A special thanks to PJ Media for much of the information contained in this article.

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THAT WOMEN’S MARCH

The day after President Donald Trump’s inauguration, a march took place on the National Mall called the Women’s March on Washington. Initially, it was referred to as the “Million Women March,” but that was changed.

My initial reaction was to question what these women were marching for or against. Was it just that they hate Donald Trump and were traumatized by his unexpected victory over their beloved, Hillary Clinton? Did they have some valid “beefs” with the new administration or were they generally unhappy with the progress women have made for over half of a generation or were they scared that Roe vs. Wade would be overturned?

According to one of the organizers, Tomika Mallory, the effort was not anti-Trump. Instead, it was a continuation of a struggle women have been dealing with for a very long time.

Per npr.org, the march got its start as a cross-country collaboration among seven women in the aftermath of election day and gained traction online, becoming a network of 50-plus events in multiple countries.

Organizers Hope Women’s March on Washing Inspires, Evolves

Still not sure about the purpose of the women’s march, I sought out information from the far-left website, VOX. In an article entitled, “To understand the Women’s March on Washington, you need to understand intersectional feminism.” Well, hold it right there. I don’t know what intersectional feminism is Reading further down into the article, I determined that “intersectional feminism” is the idea that many women are members of other marginalized groups, which affects their experiences.

Brittany Cooper, an assistant professor of women’s and gender studies and Africana studies at Rutgers University explained, “And those parts—race, gender, sexuality, and religion, and ability—are not incidental or auxiliary. They matter politically.” Lehigh University’s Monica Miller defined it in an unpublished 2014 interview with Vox: “An intersectional feminist approach understands that categories of identity and difference cannot be separated and doesn’t abandon one category of analysis such as gender, or sexuality in favor of analyzing others such as race, and class.”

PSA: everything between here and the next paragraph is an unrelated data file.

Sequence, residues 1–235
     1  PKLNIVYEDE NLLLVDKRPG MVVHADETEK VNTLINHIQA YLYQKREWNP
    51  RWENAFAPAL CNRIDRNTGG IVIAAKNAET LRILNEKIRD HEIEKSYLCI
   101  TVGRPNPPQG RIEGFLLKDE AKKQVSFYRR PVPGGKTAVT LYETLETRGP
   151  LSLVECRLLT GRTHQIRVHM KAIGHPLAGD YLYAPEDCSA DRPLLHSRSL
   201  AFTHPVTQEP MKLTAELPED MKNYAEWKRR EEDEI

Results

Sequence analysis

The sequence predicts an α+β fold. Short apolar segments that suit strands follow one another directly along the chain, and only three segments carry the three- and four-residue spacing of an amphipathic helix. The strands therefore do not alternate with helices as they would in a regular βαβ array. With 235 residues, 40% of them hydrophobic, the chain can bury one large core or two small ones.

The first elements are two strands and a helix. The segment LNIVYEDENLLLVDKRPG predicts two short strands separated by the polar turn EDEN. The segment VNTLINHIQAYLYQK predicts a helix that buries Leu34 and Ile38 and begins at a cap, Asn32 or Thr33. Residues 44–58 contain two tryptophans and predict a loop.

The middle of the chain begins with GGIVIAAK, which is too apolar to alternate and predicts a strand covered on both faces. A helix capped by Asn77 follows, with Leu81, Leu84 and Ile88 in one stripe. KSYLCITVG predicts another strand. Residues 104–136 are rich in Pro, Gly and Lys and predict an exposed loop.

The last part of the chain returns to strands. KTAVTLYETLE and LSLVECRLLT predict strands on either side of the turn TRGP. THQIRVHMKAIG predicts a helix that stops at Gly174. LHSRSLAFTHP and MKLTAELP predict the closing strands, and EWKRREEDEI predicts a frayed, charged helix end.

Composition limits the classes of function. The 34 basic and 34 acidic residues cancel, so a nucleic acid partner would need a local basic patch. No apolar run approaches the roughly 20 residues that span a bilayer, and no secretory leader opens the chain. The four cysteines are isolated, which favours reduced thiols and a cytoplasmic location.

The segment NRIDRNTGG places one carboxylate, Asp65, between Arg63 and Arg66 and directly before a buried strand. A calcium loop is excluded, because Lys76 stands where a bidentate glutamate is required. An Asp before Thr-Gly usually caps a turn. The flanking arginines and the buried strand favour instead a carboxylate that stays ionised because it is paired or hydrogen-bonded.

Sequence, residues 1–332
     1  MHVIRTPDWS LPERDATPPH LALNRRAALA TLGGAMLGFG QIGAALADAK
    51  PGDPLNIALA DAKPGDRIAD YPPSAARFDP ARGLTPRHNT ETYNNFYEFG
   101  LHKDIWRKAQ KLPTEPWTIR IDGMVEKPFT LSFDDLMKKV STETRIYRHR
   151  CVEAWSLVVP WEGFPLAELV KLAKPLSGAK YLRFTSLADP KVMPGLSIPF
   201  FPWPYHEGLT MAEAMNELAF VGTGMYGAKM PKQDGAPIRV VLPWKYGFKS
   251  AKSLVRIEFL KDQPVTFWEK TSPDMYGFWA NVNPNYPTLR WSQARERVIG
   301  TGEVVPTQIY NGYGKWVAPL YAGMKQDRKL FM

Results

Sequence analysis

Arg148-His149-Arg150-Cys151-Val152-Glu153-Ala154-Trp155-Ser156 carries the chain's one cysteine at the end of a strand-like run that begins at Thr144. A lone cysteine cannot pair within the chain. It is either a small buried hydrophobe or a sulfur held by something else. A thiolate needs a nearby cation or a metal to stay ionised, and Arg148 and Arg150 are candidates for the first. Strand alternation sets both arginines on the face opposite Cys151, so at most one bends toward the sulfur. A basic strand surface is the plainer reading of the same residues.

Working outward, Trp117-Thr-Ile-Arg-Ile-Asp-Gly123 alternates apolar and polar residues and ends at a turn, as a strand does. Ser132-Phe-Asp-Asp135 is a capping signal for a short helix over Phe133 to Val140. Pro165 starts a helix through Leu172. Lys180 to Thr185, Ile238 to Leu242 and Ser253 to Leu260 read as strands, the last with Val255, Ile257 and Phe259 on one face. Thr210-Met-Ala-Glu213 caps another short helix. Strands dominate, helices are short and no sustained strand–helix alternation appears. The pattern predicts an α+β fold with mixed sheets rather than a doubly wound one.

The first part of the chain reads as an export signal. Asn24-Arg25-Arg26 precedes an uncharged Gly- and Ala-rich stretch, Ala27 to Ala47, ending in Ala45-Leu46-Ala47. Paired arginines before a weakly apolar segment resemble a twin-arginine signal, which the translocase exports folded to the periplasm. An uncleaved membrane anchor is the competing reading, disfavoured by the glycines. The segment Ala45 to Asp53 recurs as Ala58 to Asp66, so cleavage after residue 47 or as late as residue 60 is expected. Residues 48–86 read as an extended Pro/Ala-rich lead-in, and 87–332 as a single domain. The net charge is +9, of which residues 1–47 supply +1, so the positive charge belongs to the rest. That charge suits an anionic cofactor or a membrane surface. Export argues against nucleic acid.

Apparently, this concept of intersectionality is not a new one. Kimberle Crenshaw, a law professor at UCLA and Columbia is credited with coining the term intersectionality in a 1989 paper entitled, “Demarginalizing the Intersection of Race and Sex: A Black Feminist Critique of Antidiscrimination Doctrine, Feminist Theory, and Antiracist Politics.”

After wading through the Vox article, I still didn’t have a clue as to what this march was all about. But it did make me wonder why I’ve spent so much of my time trying to be the best that I could in the fields where I have worked. Could I have not done just as well writing BS articles and contemplating the concept of intersectionality? Silly me.

Washington, you need to understand intersectional feminism.

After the above, and almost two weeks, I’m still not sure what this march was about. The women participating have indicated that it was about women’s right in which they were being denied. I heard complaints of lack of access to basic women’s health care, violence against women, reproductive rights, equal pay for equal work, etc.

As few as fifty-five or sixty years ago, a woman could not get credit or purchase a house. Furthermore, a woman graduating or leaving school was destined to live with her parents if she had not found herself a man and didn’t have plans to marry. The most common occupations for women back then were secretary, school teacher, or nurse. If you did accept a job in a town other than the one in which you grew up, you were lucky to be able to rent a room. While in those days, there were certainly women doctors, lawyers, and engineers, they were few and far between.